You have brought my childhood back . The description of the aangan/ courtyard is exactly what we had in our houses where we lived from time to time . During the British regime , during 30s and 40s , they constructed lot of single story houses and banglows in New Delhi and other states . Depending upon the status and rank of my father we lived in about six such houses on every promotions my father got . Mostly we lived around General Post Office and the houses we lived were …..Aaram Bagh, Lodhi Road [ my birth place ] , Reading Road , Rouse Lane , Maan Nagar , Irwin Road, Mahdev Road and lastly Allenby Road from where my father Joint Secy , Education Ministry . That was in 1967 . The last house where we stayed is now under occupancy of a Minister of State .

We being a big family had all the facilities at our disposal where we could play, hockey, football and cricket . The courtyard had enough space to acomodate number of cots and as you described the servant used to make beds in the late evening itself to let them cool before we all go into our respective beds . The rooms were well protected from heat and dust because of front and rear verandahs . And above that the walls were thick and brickwork was done with lime surkhi mortar which acted like a quick cooling agent . The height of the ceiling and presence of ventilaters made the house a very comfortable to sleep even in summer period also .

Having said all I am posting a song which may not fit the bill but what is filmed is the life we used to enjoy during 1952/53 on wards .

yeh zindgi hai yoye yo…..Manmoha Krishan….Aaram[1952]…Anil Biswas

18 ksbhatia October 20, 2016 at 6:10 pm

Arvinder Sharma ji ;;
Within a short period of time you have flooded the post with a well staged bouquet of songs . Some I have listened earlier and rest I am in process of going thru along with the vintage period songs posted by AK ji in the main theme . It is good that we can look for songs where household activites by ladies are also covered without mentioning the word aangan / aangana [ AK @ 14] .

19 AK October 20, 2016 at 6:14 pm

KS Bhatiaji,
You were lucky to have an angana in the heart of Delhi . Angana was very common in the second-tier and smaller towns. But these are also disappearing very fast.

20 ksbhatia October 20, 2016 at 7:06 pm

AK ji ;

Here are few songs which I think should cover the theme .

1. Na bol pi pi more angana….Shamshad ,…Dulari….Naushad

Naushad being your fav. this song should have found its place in the main list .

2.Jyoti kalash chalke….Lata…Bhabhi ki Chhuriyan…Sudhir Phadke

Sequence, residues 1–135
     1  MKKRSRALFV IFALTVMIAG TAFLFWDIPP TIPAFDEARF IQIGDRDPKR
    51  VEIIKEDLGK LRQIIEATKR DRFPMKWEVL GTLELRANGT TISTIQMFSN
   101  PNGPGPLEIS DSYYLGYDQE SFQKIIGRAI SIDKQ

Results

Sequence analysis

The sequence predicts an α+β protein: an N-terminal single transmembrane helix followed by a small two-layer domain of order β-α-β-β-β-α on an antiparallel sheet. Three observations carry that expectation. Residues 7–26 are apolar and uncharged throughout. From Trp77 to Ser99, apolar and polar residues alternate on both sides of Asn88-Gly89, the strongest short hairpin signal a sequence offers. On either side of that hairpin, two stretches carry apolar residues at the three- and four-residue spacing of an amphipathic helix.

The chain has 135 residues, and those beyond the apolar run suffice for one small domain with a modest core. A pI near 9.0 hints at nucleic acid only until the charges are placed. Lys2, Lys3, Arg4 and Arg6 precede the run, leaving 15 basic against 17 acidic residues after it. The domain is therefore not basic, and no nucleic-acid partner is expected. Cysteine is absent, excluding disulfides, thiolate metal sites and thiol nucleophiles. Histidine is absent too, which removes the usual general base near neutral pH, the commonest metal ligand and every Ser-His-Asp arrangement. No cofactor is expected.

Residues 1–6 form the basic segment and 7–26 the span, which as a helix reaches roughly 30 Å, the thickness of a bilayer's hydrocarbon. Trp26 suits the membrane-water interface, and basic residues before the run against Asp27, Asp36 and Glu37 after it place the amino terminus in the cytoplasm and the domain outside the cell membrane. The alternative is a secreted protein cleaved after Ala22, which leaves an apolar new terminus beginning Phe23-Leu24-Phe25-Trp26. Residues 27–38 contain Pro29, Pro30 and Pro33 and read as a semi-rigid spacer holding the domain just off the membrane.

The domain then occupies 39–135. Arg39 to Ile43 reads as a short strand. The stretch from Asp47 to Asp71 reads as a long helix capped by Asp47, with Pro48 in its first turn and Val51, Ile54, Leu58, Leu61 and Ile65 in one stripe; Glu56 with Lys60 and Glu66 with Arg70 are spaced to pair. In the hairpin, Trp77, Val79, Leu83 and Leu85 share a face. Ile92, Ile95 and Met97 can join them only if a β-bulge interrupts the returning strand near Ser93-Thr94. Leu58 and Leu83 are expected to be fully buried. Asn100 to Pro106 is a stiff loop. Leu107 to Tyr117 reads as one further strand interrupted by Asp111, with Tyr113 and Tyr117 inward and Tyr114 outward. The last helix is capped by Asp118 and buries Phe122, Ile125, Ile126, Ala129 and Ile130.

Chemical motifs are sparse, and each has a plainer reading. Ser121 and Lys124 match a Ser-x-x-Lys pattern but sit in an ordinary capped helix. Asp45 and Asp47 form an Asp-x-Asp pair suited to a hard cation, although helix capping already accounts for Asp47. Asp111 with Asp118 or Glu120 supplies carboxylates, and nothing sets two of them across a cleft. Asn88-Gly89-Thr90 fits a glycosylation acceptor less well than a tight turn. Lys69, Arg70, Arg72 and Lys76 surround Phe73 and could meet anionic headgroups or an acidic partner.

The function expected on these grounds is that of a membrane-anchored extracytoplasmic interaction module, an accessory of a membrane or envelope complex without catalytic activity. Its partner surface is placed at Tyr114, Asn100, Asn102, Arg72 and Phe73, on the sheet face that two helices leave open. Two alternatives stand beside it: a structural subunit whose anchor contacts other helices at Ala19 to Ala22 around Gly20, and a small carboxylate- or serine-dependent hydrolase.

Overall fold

This song beautifully captures the early morning chores of practically all women of that era .

3.Chali kaun se desh….Chhalke maat pita ki akhiyan , Roye tere bachhpan ki sakhiyan , bhhaiya kahe pukaar na jaa ghar aangan chhad ke…….Talat…..Boot Polish…..SJ

This symbolic song is beautifully picturised in the the courtyard sit out atmosphere with girl child dancing to the beautiful tune , again a RK production speciality .

4. Now hold your breath and your tears as well . This song depicts the love of deevar and bhabhi and brings back the memories in the form of flashback thru out the song covering most of the house hold choirs .

tum se hi ghar ghar kahailaya….Mukesh….Bhabhi ki Chhuriyan….Sudhir Phadke

I think this one is Mukesh’s one of the best sad song .

… be contd….

21 ksbhatia October 20, 2016 at 7:17 pm

… continuation…

One song I missed to post is from Bambai ka Babu , again by Mukesh with music by SDB .

This is a vidaai from angna song , the word appears in second stanza .

5. Chal ri sajni aab kya sochey…

22 Ashwin Bhandarkar October 21, 2016 at 1:36 am


Am flattered by your mention of my name in the post :). but I am going through some kind of aangan-block right now, and so the only bandish that comes to mind, other than the Shahana bandish that you have posted, is ‘Anganaa more aa jaa’ in Raga Bhinna Shadaj rendered here by Kishori Amonkar (the bandish started at 3:08)

23 Ashwin Bhandarkar October 21, 2016 at 1:43 am

Angana finds mention in these two Lata songs from the 70s:

1. Satyam Shivam Sundaram from the movie of the same name (MD-LP):

2. Jis dwaare par ghar ki bahu from Jeevan Jyoti (MD: Salilda)

24 AK October 21, 2016 at 2:33 am

Thanks for the songs. It is my impression that there should be many bandishes around angana, at least in light classical genre.

25 Dustedoff October 21, 2016 at 2:50 am

Oh, yes! I have seen some of those hutongs when I went to Beijing a few years ago. Sad that most of them are fast disappearing, making way for high-rise buildings – but at least there are still some around.

26 Mahesh October 21, 2016 at 12:46 pm

AK ji,
Many Thanks for this post. Many songs are unique and less heard.
Arvinder Sharma ji has flooded the aangan with so many flowers. Thanks to him.
“Usha Haran” was probably the only film in which Lata sang for Saraswati Devi.

Mukesh in “Anand” has a solo wherein the word is predominantly mentioned though in the context of thoughts.

Rafi saab and Lata in “Jeevan Mrityu” is my personal favourite.

I have visited such houses and am familiar with the layout but would like to know if the front verandah is also sometimes loosely referred to as aangan.

Angana and aangan are different?


27 mumbaikar8 October 21, 2016 at 3:01 pm